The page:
MONROE, CT — Monroe Chamber of Commerce members celebrating a successful golf tournament fundraiser, during their luncheon at Whitney Farms Golf Course Tuesday, look a moment to remember one of their own.
Alicia “Lee” Ryan Faye of Stratford, 72, succumbed to a long battle with leukemia last June. The former senior vice president of Seymour Sheridan was a longtime member of the Chamber.
“I was worried about this morning’s weather, because we had some inclement weather at 6 o’clock,” Monroe Chamber President Ray Giovanni said, while speaking to the dining room crowd. “It was raining like the dickens this morning, but it turned out well. You know why it turned out well? Because Alicia Faye. She was our board member, who was very loyal to our group for many years.”
Faye’s daughters, Lisa Dunn, Shari Cole and Kelly Brander attended the luncheon with Faye’s granddaughter and great, great granddaughter. Giovanni called the sisters to the front of the room, so he could present a framed photo of their mother from a previous golf tournament.
“I found an old picture in my files of Alicia,” Giovanni said. “She succumbed to illnesses from cancer and she fought it for decades. She was so positive in her approach to life. We’re so proud of what Alicia contributed.”
Giovanni recalled how, every year, Faye contributed a “wacky bottle she found halfway around the country” to contribute to the raffle prizes. This year Faye’s family brought a box set of Knob Creek bourbon in their mother’s honor.
Giovanni thanked the family for their contribution. “I wanted to acknowledge your wonderful mom’s spirit and how loyal she was to this organization and to our cause,” he said. “I know she raised good children. While you’re here with your children, we’re going to keep this going from generation to generation.”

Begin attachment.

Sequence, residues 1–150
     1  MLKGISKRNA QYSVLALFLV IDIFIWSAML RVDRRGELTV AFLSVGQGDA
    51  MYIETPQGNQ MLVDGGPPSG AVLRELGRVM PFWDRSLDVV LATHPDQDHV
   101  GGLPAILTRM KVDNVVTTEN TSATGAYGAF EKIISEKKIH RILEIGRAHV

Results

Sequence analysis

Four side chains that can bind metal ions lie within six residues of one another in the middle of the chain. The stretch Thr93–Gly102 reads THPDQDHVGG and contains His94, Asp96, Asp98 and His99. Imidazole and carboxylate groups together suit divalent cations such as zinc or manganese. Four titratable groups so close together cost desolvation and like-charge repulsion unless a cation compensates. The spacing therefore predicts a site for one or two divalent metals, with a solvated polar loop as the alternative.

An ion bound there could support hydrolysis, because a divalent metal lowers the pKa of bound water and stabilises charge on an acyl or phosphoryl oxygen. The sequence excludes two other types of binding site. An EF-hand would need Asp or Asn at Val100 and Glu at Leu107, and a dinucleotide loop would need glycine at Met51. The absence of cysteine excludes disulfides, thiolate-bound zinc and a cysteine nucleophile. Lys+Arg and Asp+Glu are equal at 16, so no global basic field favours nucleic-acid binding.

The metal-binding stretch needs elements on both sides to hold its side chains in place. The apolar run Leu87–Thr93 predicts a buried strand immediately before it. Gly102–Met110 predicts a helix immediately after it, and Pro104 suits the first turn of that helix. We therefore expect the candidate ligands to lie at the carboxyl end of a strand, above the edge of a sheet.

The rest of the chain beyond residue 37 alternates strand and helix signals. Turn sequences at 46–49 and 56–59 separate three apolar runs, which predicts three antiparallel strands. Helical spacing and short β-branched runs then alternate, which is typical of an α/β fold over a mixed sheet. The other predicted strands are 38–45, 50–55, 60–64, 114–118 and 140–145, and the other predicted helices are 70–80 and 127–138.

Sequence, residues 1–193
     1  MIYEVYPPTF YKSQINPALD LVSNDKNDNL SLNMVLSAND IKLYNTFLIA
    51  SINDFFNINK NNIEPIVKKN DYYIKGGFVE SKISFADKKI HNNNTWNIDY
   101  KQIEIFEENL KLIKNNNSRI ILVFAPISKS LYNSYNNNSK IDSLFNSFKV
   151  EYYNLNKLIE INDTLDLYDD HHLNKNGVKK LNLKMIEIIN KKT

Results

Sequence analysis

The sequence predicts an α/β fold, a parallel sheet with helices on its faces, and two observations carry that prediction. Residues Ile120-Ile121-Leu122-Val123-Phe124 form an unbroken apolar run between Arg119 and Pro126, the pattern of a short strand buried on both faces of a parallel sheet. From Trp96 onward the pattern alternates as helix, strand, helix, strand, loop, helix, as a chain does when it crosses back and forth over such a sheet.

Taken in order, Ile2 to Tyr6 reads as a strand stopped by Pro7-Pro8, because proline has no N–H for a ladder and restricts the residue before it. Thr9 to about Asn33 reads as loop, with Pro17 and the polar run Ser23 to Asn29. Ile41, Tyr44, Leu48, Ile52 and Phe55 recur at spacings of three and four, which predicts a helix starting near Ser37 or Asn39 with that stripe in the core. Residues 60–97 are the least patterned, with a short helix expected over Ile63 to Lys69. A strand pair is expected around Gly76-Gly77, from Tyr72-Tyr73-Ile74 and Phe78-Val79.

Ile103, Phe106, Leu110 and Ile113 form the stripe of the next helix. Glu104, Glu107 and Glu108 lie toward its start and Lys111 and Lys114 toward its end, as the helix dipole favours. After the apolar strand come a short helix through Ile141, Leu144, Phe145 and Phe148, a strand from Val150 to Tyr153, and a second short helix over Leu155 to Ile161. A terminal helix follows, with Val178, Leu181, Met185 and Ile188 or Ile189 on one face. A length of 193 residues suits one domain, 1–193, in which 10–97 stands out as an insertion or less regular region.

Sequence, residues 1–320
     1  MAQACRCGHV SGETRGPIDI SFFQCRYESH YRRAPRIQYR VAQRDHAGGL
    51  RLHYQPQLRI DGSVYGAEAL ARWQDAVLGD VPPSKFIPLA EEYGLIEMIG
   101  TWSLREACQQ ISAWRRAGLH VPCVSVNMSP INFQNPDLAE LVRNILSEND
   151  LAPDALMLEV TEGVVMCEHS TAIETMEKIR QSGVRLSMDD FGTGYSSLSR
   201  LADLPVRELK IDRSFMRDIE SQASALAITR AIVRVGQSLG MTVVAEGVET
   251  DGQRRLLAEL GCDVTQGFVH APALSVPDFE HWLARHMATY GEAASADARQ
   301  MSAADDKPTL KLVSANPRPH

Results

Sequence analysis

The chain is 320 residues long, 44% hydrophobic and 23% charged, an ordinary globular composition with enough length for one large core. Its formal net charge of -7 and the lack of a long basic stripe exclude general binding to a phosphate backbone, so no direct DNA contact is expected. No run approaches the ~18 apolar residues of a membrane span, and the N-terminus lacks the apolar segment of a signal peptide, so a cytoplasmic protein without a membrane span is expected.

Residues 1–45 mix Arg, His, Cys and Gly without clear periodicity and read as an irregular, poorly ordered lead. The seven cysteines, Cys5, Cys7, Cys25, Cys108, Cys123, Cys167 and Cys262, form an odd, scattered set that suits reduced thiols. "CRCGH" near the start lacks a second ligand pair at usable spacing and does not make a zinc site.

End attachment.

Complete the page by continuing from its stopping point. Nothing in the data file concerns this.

Janice Snyder, vice president of the Monroe Chamber of Commerce, also said a few words about Faye.
“Alicia was a personal friend of mine and I miss her very much, and I can’t thank her enough for all of the support she’s always given us,” Snyder said, adding how Faye was “always laughing and happy” with “a friendly smile.”
Beth Stoller, a Chamber member, recalled how Faye insisted on coming to last year’s golf tournament when her family wanted her to stay home to rest, while battling her illness.
“You guys didn’t want her to come, but she insisted,” Stoller said. “We sat right here and had lunch and she was just so excited to be able to bring her bottle and to be able to participate with everybody. She was so happy to be with everybody, even though she knew it was against her family’s wishes. She just needed to be with everybody, because this is who she was.”
There were bursts of applause and toasts for Faye and, bringing tears to her daughters’ eyes as they hugged Snyder and Giovanni.
“Thank you guys for honoring our mother,” Brander said. “It’s comforting to know how much she meant to so many people. She loved everybody she met and she had that crazy sense of humor. She’s truly missed … thank you so much.”
“My mom was larger than life,” Brander said, while her family sat at their table moments later.
“It was beautiful,” Dunn said.
“It was nice to have my mom’s hard work and giving spirit honored,” Brander said.